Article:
This is the first in a 5- part series on the Lord’s prayer. Recently I went over the subjects of how to pray and why we pray, so I thought that I’d go into a little more depth on the meaning behind the Lord’s prayer. Today we’ll be looking at the beginning, Matthew 6:9 b
“Our Father in heaven,
hallowed be Your name,”
Jesus starts out by saying Our. He is not just mine. We as humans like to own things. We like to say He is my God, that is my home, these are my friends. Jesus starts out by saying He is ours. None of us have an individual right to Him. He came to seek and to save all nations and all people. This changes our perspective from just us and Him to a community, all centered around Him.
Next, Jesus referred to God the Father as Abba, meaning Daddy. The Jews at that time were very reverent and respectful towards God. They were used to calling Him Lord God of Heaven, and giving many great and reverent names to Him. Jesus challenged their perspective when he said Abba. That’s an intimate term that they didn’t associate with the mighty God of Heaven.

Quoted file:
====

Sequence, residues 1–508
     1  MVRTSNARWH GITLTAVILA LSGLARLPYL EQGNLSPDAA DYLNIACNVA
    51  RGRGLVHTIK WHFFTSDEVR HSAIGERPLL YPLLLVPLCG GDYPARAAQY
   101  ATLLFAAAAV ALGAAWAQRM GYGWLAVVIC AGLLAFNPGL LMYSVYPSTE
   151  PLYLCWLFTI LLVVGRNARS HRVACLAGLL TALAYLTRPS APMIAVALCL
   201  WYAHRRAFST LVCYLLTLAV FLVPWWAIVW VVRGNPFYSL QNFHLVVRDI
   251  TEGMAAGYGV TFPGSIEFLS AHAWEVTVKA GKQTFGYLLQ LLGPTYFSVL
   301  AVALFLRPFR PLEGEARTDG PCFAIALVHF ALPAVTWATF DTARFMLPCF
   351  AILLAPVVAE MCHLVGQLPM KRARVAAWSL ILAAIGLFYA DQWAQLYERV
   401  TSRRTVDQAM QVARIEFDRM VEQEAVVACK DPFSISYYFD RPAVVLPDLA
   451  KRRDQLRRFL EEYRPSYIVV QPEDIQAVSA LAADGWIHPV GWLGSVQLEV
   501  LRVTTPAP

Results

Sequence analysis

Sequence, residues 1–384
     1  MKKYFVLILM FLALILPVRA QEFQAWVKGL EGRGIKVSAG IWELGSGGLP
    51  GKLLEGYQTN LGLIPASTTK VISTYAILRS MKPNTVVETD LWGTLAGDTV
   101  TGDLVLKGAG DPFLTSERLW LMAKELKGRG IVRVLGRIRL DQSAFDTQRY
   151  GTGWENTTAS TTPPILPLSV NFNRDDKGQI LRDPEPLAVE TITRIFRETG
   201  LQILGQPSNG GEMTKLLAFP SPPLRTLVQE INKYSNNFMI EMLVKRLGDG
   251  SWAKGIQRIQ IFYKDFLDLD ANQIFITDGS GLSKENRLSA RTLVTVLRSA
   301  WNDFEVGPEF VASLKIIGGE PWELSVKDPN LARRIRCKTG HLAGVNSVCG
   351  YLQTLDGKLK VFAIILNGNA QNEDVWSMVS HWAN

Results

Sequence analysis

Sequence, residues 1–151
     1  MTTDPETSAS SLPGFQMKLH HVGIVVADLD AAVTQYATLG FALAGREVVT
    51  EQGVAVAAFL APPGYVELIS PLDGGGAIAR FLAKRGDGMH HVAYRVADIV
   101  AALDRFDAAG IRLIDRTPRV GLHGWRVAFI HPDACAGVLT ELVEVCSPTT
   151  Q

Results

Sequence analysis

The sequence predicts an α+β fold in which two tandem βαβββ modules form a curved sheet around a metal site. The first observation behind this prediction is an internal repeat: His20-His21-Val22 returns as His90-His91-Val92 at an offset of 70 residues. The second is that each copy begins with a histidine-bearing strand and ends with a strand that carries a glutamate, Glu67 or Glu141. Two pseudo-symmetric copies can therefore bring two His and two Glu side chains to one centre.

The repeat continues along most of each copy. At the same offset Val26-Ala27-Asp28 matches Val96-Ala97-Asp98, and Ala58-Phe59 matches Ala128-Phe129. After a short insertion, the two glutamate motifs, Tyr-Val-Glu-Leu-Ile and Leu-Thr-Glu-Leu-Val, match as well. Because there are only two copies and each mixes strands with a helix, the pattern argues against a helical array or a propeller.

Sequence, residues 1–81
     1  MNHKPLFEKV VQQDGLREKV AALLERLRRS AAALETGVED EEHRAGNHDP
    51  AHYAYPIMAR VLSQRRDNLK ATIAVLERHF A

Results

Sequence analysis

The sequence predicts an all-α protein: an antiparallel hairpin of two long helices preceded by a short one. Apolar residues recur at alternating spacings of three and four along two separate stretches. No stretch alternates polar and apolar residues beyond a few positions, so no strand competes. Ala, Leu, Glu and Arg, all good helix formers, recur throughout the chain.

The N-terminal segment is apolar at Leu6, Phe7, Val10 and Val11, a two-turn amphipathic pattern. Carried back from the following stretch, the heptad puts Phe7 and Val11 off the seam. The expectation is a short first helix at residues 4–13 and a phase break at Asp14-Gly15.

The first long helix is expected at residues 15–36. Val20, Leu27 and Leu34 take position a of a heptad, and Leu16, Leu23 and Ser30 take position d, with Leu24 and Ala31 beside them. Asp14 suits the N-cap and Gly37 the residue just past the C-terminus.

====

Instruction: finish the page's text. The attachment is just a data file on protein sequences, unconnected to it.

After that, though, Jesus shifts again. He says, “Our Father in heaven, hallowed be Your name,” He shifts from this intimate relationship to praising God’s mighty name, reaffirming that God is hallowed, meaning holy. He does this to show that God is both loving and powerful.
This is an important distinction. If God was just loving, we would know that He wants to help us, but not necessarily that He is mighty enough to help us. If we only know Him as a powerful God, we know that He is mighty and strong, but we don’t know if He will help someone as small as us. Jesus puts these two seemingly different aspects of God together to remind us that He is both powerful and loving. He also reminds us to praise Him first for this, before we do anything else.
In this first segment of the Lord’s Prayer, remember that God is both loving and powerful, and that we should praise Him for that.